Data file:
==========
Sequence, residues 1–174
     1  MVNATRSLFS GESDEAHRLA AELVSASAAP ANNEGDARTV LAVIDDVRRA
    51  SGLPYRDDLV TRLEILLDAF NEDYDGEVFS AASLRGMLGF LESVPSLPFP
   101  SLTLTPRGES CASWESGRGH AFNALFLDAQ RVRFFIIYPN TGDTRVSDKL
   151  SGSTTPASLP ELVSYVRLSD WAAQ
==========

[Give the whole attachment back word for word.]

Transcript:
Sequence, residues 1–174
     1  MVNATRSLFS GESDEAHRLA AELVSASAAP ANNEGDARTV LAVIDDVRRA
    51  SGLPYRDDLV TRLEILLDAF NEDYDGEVFS AASLRGMLGF LESVPSLPFP
   101  SLTLTPRGES CASWESGRGH AFNALFLDAQ RVRFFIIYPN TGDTRVSDKL
   151  SGSTTPASLP ELVSYVRLSD WAAQ